The couple resided mainly at South Court Mansion in Malabar Hill, only a stone's throw from Petit Hall. They also made frequent trips to Europe and spent considerable lengths of time there. Ruttie and Jinnah made a head-turning couple. She used to call her husband "J". Her long hair would be decked in fresh flowers, she wore vibrant silks and chiffons, accentuated by headbands and tiaras lavish with diamonds, rubies and emeralds. According to most sources, the couple could not have been happier in those early years of their marriage. Sir Dinshaw mourned Ruttie socially even after his granddaughter Dina Jinnah, their only child, was born on 15 August 1919.
By mid-1922, Jinnah was facing political isolation as he devoted every spare moment to be the voice of separatist incitement in a nation torn by Hindu-Muslim antipathy. His increasingly late hours and the ever-increasing distance between them left Ruttie isolated.
Ruttie's complex relationship with her husband can also be elaborated by reading some extracts of her last letter to him "...When one has been as near to the reality of Life (which after all is Death) as I have been dearest, one only remembers the beautiful and tender moments and all the rest becomes a half veiled mist of unrealities. Try and remember me beloved as the flower you plucked and not the flower you tread upon." ... ".. Darling I love you - I love you - and had I loved you just a little less I might have remained with you - only after one has created a very beautiful blossom one does not drag it through the mire. The higher you set your ideal the lower it falls. I have loved you my darling as it is given to few men to be loved. I only beseech you that the tragedy which commenced in love should also end with it...".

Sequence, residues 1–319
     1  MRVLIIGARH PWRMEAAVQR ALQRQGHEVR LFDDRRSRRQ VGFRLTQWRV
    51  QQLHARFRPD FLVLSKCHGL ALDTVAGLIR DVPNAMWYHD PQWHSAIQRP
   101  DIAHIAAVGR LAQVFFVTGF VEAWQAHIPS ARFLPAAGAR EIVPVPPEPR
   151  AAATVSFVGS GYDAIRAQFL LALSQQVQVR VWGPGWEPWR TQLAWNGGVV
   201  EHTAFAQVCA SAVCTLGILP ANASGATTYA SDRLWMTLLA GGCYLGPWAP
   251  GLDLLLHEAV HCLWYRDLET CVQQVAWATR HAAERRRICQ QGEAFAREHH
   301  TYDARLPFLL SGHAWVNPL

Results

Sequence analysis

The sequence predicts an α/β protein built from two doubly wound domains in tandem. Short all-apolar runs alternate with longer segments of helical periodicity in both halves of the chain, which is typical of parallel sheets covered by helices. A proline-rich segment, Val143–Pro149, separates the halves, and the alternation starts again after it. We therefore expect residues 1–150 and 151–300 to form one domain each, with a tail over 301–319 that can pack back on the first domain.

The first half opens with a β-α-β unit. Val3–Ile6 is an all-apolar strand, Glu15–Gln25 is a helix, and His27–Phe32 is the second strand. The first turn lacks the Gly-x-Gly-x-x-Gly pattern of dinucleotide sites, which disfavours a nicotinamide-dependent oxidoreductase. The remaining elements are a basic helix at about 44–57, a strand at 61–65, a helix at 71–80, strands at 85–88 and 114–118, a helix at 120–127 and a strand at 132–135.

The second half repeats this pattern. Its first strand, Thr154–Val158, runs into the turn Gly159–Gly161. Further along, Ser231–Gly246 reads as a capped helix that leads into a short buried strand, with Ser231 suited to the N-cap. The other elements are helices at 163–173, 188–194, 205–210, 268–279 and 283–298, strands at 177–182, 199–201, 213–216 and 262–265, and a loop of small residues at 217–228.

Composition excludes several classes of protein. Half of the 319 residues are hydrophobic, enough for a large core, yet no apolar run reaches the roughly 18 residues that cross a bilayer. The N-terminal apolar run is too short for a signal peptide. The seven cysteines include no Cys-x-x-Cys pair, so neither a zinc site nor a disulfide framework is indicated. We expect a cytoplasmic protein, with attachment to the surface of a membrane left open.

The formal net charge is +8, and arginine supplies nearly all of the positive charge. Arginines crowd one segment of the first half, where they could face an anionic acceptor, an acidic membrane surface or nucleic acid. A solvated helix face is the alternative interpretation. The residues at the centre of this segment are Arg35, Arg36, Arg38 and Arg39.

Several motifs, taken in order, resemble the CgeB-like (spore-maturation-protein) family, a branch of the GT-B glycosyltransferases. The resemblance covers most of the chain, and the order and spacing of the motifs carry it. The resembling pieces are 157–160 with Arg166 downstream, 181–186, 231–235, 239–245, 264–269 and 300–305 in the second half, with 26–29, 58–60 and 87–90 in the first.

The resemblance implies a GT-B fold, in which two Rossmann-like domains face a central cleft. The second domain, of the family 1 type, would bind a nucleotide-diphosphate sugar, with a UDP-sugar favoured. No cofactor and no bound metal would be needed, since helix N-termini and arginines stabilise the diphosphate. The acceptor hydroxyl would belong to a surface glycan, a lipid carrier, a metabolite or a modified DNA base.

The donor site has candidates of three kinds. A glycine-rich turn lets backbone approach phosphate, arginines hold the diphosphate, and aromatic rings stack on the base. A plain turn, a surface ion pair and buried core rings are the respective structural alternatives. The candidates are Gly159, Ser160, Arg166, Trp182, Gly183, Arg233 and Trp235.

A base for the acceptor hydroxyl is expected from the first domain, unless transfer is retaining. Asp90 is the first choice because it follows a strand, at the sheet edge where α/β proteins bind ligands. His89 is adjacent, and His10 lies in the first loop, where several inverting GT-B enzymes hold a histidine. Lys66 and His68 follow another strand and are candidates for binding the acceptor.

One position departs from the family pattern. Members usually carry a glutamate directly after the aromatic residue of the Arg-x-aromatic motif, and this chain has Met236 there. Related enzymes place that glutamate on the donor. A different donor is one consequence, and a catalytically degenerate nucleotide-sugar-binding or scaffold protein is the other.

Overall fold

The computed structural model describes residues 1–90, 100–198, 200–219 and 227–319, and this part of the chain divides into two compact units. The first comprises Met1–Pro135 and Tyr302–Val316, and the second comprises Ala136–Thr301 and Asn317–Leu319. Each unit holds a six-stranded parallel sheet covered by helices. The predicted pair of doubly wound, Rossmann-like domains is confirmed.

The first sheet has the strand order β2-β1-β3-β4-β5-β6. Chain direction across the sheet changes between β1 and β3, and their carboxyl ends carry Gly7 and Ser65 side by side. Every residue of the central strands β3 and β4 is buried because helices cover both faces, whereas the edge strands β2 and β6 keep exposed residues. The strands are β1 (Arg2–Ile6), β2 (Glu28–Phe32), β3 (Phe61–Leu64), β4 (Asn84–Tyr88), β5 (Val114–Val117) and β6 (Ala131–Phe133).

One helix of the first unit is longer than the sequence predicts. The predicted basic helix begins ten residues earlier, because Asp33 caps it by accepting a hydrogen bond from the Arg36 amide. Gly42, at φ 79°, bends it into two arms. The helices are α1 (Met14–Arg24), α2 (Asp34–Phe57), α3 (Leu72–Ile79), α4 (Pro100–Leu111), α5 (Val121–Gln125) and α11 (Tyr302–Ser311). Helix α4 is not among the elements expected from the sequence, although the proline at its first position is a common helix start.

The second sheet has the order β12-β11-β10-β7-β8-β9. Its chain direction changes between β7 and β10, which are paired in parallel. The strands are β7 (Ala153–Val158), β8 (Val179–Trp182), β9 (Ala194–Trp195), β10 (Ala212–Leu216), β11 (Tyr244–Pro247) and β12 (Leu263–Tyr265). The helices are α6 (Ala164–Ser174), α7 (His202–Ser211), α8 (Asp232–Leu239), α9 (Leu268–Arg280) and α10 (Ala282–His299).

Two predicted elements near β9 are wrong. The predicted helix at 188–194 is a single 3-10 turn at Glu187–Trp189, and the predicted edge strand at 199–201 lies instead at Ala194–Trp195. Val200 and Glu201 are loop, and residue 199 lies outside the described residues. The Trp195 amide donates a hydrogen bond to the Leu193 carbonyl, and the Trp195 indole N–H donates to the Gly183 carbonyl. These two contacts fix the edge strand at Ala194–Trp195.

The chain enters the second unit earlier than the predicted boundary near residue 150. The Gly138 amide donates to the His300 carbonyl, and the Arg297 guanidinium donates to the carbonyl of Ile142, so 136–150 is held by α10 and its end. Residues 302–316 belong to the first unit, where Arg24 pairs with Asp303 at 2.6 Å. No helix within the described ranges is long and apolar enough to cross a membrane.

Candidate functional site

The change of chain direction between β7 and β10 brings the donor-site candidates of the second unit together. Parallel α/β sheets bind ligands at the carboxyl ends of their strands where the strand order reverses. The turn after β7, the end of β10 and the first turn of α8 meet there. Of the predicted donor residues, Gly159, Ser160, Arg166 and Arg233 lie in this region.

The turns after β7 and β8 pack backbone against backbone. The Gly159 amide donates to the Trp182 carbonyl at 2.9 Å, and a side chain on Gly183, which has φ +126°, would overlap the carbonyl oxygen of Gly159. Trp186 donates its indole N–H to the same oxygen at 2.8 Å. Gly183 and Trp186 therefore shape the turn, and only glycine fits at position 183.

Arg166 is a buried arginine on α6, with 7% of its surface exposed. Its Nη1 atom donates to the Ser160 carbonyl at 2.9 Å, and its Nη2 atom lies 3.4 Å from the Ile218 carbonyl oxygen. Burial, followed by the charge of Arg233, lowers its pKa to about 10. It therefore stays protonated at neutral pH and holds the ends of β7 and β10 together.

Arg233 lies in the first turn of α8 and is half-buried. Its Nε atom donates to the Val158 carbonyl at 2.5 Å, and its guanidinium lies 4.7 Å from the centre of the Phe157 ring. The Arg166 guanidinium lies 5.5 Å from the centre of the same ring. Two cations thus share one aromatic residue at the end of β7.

Jinnah is seen as a very private person and he hardly showed emotions but he is known to have cried twice in public. One of the occasions was the funeral of his beloved wife Ruttie in 1929 and the other one in August 1947, when he visited her grave one last time before leaving for Pakistan. Jinnah left India in August 1947, never to return again.
After Ruttie's death from cancer it appeared that Jinnah missed her a great deal. G Allana in "Quaid-i-Azam Jinnah: The Story of a Nation" based on the narrative of a chauffeur of Mr Jinnah writes:
"You know servants in household come to know everything that is going around them. Sometimes more than twelve years after Begum Jinnah's (Mrs. Jinnah) death, the boss would order at dead of night a huge ancient wooden chest to be opened, in which were stored clothes of his dead wife and his married daughter. He would intently look into those clothes, as they were taken out of box and were spread on the carpets. He would gaze at them for long with eloquent silence. Then his eyes turn moisten..."